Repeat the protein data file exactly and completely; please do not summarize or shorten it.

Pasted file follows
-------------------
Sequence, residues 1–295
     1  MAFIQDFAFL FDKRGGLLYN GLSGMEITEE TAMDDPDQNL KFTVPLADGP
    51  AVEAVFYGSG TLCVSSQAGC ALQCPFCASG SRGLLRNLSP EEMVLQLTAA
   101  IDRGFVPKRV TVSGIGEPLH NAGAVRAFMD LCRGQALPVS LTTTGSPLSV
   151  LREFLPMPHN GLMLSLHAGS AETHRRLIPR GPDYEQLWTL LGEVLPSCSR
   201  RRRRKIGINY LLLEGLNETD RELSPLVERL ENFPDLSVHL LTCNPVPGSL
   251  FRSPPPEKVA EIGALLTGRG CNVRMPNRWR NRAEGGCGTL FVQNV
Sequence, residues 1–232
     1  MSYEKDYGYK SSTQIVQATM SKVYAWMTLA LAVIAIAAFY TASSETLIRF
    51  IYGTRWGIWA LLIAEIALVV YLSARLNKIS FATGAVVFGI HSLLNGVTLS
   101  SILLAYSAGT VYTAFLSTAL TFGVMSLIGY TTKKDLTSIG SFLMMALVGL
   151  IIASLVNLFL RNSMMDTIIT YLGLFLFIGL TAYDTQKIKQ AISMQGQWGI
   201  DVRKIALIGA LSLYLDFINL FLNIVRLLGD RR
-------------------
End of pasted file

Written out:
Sequence, residues 1–295
     1  MAFIQDFAFL FDKRGGLLYN GLSGMEITEE TAMDDPDQNL KFTVPLADGP
    51  AVEAVFYGSG TLCVSSQAGC ALQCPFCASG SRGLLRNLSP EEMVLQLTAA
   101  IDRGFVPKRV TVSGIGEPLH NAGAVRAFMD LCRGQALPVS LTTTGSPLSV
   151  LREFLPMPHN GLMLSLHAGS AETHRRLIPR GPDYEQLWTL LGEVLPSCSR
   201  RRRRKIGINY LLLEGLNETD RELSPLVERL ENFPDLSVHL LTCNPVPGSL
   251  FRSPPPEKVA EIGALLTGRG CNVRMPNRWR NRAEGGCGTL FVQNV
Sequence, residues 1–232
     1  MSYEKDYGYK SSTQIVQATM SKVYAWMTLA LAVIAIAAFY TASSETLIRF
    51  IYGTRWGIWA LLIAEIALVV YLSARLNKIS FATGAVVFGI HSLLNGVTLS
   101  SILLAYSAGT VYTAFLSTAL TFGVMSLIGY TTKKDLTSIG SFLMMALVGL
   151  IIASLVNLFL RNSMMDTIIT YLGLFLFIGL TAYDTQKIKQ AISMQGQWGI
   201  DVRKIALIGA LSLYLDFINL FLNIVRLLGD RR